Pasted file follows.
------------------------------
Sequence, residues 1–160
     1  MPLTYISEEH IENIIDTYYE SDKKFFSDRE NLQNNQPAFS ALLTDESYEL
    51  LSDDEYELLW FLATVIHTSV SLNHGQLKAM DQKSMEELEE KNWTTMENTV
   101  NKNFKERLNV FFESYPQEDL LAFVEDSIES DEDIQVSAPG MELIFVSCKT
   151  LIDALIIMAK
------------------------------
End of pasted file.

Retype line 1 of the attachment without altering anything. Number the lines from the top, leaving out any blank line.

Sequence, residues 1–160